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by patent metallic bands, transport it to the coast, and there sell it by
Stock of American
Total, 1860. January 4,.
371,650 157,780 529,430 626,620 February 1,
483,470 175,250 658,720 594,490 March 1,
692,200 161,140 853,340 749,810 April 5,
789,350 152,490 941,840 906,070 May 3,
816,860 173,830 990,690 1,016,630 June 7,
251,890 1,148,650 1,358,630 July 5,
836,610 271,690 1,108,300 1,298,490 August 2,
735,550 284,110 1,019,660 1,239,780 September,
577,980 A very novel and unprecedented event has just taken place at Liverpool. At that port no less than 15,000 bales of Surat cotton were last week exported to New-York-a proof that the “cotton famine” has already affected seriously the New England States.
A few days since we had a stock of 950,000 bales, of which 680,000 bales were American. Then we had 300,000 bales of East India cotton at sea on the way here; in addition to which we may calculate on receiving 200,000 bales from there before the 1st of January, 1862. Some well-informed persons
think it will be considerably more. Of Egyptian, Brazil and' other cottons we received last year, from now till the end of the year, 70,000 bales; and under the stimulus of high prices I feel justified in assuming an import of 100,000 bales by the 1st of January, 1862. This would make our total supply up to the 31st of December next, 1,550,000 bales, from which deduct export, same as last year, 200,000 bales, leaves a supply available for home use of 1,400,000.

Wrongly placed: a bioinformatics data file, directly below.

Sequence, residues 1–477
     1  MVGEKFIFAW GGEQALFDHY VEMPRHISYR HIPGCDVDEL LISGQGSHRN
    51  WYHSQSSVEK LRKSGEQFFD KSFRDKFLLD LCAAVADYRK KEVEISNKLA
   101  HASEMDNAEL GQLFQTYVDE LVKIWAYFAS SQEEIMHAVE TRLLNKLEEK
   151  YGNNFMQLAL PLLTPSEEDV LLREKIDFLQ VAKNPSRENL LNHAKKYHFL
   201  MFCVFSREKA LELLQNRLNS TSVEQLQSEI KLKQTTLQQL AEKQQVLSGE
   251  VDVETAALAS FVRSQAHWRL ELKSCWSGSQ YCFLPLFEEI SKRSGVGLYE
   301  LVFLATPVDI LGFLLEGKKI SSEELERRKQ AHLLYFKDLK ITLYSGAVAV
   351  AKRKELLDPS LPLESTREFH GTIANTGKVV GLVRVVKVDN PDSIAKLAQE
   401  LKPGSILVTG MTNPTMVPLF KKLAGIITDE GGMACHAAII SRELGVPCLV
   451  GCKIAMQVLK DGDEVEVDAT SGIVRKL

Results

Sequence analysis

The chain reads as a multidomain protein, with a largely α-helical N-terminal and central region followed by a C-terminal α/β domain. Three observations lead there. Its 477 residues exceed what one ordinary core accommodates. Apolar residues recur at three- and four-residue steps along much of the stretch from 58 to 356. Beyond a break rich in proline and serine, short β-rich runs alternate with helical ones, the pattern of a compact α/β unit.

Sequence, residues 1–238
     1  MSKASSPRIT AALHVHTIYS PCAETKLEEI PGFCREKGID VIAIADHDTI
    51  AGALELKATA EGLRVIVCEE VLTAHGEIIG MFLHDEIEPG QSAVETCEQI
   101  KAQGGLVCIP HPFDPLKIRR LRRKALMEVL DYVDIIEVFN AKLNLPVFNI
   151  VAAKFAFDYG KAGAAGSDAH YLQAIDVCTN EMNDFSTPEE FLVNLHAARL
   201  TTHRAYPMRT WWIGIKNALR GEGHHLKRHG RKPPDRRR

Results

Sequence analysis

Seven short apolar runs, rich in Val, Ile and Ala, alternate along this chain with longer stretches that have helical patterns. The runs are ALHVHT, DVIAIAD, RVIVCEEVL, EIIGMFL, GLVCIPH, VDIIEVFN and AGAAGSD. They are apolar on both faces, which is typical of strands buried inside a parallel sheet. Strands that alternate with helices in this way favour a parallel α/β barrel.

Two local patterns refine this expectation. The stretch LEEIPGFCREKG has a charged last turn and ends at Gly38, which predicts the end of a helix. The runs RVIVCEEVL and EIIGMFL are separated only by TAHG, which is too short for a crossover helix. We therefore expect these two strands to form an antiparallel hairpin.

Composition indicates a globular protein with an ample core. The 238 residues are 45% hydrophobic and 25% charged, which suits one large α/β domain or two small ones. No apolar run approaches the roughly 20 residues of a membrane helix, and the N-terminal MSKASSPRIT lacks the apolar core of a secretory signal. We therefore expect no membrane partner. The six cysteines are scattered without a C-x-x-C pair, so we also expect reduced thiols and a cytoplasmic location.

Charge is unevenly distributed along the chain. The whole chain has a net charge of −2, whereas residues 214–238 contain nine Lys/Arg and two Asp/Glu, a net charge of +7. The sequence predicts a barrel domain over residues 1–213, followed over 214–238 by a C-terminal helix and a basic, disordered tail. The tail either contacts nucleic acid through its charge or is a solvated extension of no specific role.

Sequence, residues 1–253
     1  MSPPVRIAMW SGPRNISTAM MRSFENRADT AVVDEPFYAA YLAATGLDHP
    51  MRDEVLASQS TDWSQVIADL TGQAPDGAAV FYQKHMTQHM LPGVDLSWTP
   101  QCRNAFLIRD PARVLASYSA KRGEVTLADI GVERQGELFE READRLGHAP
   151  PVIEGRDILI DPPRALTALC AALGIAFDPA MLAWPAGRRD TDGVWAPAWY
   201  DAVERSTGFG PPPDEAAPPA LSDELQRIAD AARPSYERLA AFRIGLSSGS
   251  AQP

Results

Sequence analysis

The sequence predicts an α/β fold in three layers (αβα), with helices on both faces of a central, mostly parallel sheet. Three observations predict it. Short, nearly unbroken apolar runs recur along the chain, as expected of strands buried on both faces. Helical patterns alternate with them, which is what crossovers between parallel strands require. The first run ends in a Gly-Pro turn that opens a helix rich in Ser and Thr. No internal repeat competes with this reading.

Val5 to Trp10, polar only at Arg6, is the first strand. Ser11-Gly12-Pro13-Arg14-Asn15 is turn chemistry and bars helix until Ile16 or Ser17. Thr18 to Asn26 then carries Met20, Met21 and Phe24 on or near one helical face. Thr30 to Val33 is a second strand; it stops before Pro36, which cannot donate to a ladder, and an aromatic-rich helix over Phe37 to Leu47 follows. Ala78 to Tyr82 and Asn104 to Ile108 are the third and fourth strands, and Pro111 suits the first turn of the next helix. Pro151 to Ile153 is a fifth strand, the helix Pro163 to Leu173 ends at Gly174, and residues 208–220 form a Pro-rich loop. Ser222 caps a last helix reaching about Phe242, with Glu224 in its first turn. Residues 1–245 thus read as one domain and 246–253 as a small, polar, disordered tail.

By the Bombay Exchange Price Current of July 27th last, it appears that the shipments of cotton to Great Britain are still progressive. For the first six months of 1861 the shipments of cotton from Bombay to Great Britain were 626,759 bales. For same months in 1860, 299,571
bales. The whole shipments of cotton from Bombay to Europe, from January 1, 1861, to July 23d, 1861, were 744,000 bales. In addition to this, it is computed that there were then at Bombay, in 22 ships loading, at least 44,000 bales, and 30,000 more ready for shipment. The aggregate for the first seven months of 1861 is 818,000 bales. The shipments to China had fallen off some thirty thousand bales. The new crop begins
in October, and has been stimulated by high prices. Apropos to this vexed question, it will not be amiss to give you the significant remarks of a cotemporary, the London Shipping Gazette :
“We and our neighbors across the channel may suffer serious inconvenience from a short supply of cotton--a species of inconvenience which is in store for the mill-owners of Massachusetts as well as of Manchesterbut we are not going to add to the difficulty by involving ourselves in a naval war with the Northern States—a war in which it is very doubtful that we should have the co-operation of France. The present conflict in America will not be without its influence upon the future destinies of this country and of France, if it is learnt to distrust for the future the American source of the cotton supply, and to look to other regions for that which we have been accustomed to derive almost exclusively from the Southern States."
And the Times states that the wise policy of working short time as a precaution against the contingencies of the cotton supply, and of the glutted state of distant markets for manufactured goods, continues to make progress. According to the Manchester Guardian of this week, several spinning and weaving establishments at Staleybridge, Oldham, Preston, Blackburn, Burnley and Clitheroe, have limited their operations to four days a week.